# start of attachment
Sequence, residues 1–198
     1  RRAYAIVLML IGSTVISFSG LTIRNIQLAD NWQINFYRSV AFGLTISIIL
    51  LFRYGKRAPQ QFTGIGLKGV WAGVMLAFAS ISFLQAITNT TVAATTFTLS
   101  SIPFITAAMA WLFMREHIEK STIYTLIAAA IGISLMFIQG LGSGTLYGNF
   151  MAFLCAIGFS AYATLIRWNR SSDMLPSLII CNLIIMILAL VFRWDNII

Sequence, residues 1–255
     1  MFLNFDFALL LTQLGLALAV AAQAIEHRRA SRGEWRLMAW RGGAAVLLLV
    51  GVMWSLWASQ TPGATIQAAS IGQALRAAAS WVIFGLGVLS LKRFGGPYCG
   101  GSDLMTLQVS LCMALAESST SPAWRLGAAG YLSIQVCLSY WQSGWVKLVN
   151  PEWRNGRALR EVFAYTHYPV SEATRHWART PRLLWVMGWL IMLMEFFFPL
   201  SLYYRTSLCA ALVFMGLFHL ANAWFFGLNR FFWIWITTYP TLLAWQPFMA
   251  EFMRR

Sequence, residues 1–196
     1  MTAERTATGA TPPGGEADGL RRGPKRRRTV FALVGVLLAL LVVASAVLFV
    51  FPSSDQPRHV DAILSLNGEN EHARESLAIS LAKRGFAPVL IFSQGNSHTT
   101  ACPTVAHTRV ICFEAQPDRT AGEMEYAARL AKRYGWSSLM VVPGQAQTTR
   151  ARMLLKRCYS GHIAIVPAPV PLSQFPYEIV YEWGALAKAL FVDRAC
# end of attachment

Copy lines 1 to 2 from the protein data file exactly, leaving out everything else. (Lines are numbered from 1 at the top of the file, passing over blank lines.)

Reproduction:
Sequence, residues 1–198
     1  RRAYAIVLML IGSTVISFSG LTIRNIQLAD NWQINFYRSV AFGLTISIIL